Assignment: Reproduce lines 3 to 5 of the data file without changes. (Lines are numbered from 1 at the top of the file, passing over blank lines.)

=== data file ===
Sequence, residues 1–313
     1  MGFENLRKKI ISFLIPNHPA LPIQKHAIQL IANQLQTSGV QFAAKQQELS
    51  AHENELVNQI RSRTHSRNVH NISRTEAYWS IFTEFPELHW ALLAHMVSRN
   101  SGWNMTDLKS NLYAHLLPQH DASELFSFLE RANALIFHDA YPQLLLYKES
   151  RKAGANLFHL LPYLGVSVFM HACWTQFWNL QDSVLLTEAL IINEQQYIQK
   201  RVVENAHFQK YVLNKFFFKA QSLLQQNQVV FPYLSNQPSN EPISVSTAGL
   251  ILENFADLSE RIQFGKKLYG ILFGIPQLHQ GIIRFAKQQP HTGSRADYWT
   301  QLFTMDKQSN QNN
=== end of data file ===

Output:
    51  AHENELVNQI RSRTHSRNVH NISRTEAYWS IFTEFPELHW ALLAHMVSRN
   101  SGWNMTDLKS NLYAHLLPQH DASELFSFLE RANALIFHDA YPQLLLYKES
   151  RKAGANLFHL LPYLGVSVFM HACWTQFWNL QDSVLLTEAL IINEQQYIQK